Hidden Sounds is a studio composition using material collected in and around Whitstable in Kent using Hydrophones, coil and contact mics.  Installation For An Imaginary Beach, is sort of concrete montage created using field recordings from Whitstable and a Max/MSP patch containing multiple layers of sound file players. Playback triggering was orchestrated by the ASCII codes of the letters in a text score (a poem, what I wrote…) which cycles, unheard, for the duration of the piece:

I practiced here in the early 80s.
Alex could sing like Bono – but – we made
More money busking Beatles songs.
More than pumping gas on a Sunday.
Or working at the chipboard factory:
Gotta love that 20p coin.
I’d drive over from Herne Bay for parties:
Intimate, run down little houses packed with life.
Narrow gardens overgrow, a distant sound of surf.
Purple Hipsters in the kitchen,
Red Squares on the stairs,
And the late-night scent of Rothmans
Hanging in the air.

Halsey Burgund

Sound artist Halsey Burgund and marine biologist Wallace J. Nichols joined forces to collect the voices of people around the world recounting their personal experiences with the ocean. Combined with music written by Halsey, these voices become an integral part of a new musical composition and audio collages which listeners can modify to suit their own preferences.

Ocean Voices has both artistic and conservation goals to bring together a global community to emphasize how ocean conservation is a global issue to focus on the individual and the individual’s thoughts about the ocean, making it very personal and therefore more impactful to bring together the creative/musical/artistic world with the environmental world, thereby broadening the audience and increasing accessibility to actively solicit grassroots participation from a wide variety of geographic and demographic groups and encourage cross-pollination of ideas.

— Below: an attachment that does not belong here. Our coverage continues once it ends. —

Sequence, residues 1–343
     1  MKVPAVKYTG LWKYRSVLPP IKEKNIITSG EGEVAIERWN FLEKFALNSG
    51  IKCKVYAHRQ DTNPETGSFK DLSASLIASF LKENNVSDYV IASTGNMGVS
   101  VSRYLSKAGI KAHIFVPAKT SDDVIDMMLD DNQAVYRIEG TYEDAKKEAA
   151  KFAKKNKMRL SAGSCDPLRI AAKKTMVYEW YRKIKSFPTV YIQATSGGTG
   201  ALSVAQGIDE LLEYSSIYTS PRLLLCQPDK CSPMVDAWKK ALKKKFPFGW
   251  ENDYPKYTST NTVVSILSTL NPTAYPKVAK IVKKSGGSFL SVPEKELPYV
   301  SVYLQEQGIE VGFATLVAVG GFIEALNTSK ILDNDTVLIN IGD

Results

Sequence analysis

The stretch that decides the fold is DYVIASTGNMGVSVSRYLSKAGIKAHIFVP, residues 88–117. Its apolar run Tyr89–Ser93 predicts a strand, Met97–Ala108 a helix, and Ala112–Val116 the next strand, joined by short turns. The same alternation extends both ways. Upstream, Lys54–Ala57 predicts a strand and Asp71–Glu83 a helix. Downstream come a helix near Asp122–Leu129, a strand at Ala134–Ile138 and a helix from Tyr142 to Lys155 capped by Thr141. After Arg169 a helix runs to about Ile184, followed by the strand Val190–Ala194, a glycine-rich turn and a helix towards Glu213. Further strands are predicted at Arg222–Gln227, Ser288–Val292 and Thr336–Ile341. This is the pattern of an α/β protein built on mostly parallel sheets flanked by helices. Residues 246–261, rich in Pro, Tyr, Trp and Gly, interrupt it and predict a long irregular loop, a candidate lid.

Ocean Voices had its premiere performance at the California Academy of Sciences in June 2010 in celebration of World Ocean Day as well as the 100th anniversary of Jacques Cousteau’s birth. The piece was subsequently performed at the Museum of Science in Boston as well as the Carnegie Institute of Science in Washington, DC as part of Celine Cousteau’s Ocean Inspiration event.

Programme of pre-recorded works curated by DIVAcontemporary STUDIO

sonic coast :: sounding shore 2016; performed on the beach at Whitstable Biennale, 2016

Xylitol – improvisation 20:44
Hydrophone recordings taken in the Medway – live laptop treatments.

Nemeton [Adrian Newton] – Dark Fruit 14:08
Performance using found sounds sourced from the location itself, focusing on using refuse washed up on beach as a sound source.

The Lab of Sonic Possibilities [Tansy Spinks and Iris Garrelfs] -
improvisation for microphone and beach
Tansy and Iris continued their Lab of Sonic Possibilities with a performance for microphone and beach. The Lab explores locations through listening and sound related activities, uncovering the different perspectives on site specificity this reveals.

Greg McLaren – Glissando 03:13 I
This is a recording of a phone call to the coast from the water. The text is a poem, Promenade of Solitary Death by Édouard Glissant (1928 – 2011, Martinique), a suicide note of sorts from one way of life overcome by another.

Emmanual Spinelli – Bregenz by Cycle 18:32
Live mixing and treatments of coastal recordings.

Luke Scott and Lewis Wolstanholme – elements 21:08
Ableton Live software, laptop and field recordings.

Douglas Benford – Flamethrower absence bit chap 13:17
Harmonium and beachcombing.

Daniel Ross – Oysters and Icecream 22:45
Custom built software and field recording.

Ingrid Plum – Mariculture 16:18
Field recordings, cassette playback, looping pedals and voice.

Charles Vaughan and Tim Gardiner – 51°21-1°01 Partia No.1
11:50Sea, beach, violin and electronics.